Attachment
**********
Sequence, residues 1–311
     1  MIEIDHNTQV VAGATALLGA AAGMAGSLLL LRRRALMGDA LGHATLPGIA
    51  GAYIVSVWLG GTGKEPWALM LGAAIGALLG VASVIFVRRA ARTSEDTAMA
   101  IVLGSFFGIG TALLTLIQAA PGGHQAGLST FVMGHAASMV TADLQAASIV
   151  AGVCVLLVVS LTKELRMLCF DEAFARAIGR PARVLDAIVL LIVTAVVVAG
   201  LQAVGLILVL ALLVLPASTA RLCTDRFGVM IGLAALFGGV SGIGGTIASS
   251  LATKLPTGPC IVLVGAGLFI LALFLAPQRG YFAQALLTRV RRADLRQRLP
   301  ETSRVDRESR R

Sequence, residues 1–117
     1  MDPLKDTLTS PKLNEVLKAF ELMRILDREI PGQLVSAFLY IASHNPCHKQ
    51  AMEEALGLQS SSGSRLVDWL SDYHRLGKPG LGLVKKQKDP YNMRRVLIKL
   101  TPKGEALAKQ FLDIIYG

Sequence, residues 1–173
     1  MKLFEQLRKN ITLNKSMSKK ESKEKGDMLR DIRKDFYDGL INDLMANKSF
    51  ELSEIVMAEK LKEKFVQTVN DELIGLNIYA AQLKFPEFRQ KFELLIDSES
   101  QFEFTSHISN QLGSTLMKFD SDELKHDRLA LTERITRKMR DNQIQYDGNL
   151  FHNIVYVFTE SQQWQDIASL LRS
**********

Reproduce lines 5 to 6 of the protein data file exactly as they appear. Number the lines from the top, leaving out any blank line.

   151  AGVCVLLVVS LTKELRMLCF DEAFARAIGR PARVLDAIVL LIVTAVVVAG
   201  LQAVGLILVL ALLVLPASTA RLCTDRFGVM IGLAALFGGV SGIGGTIASS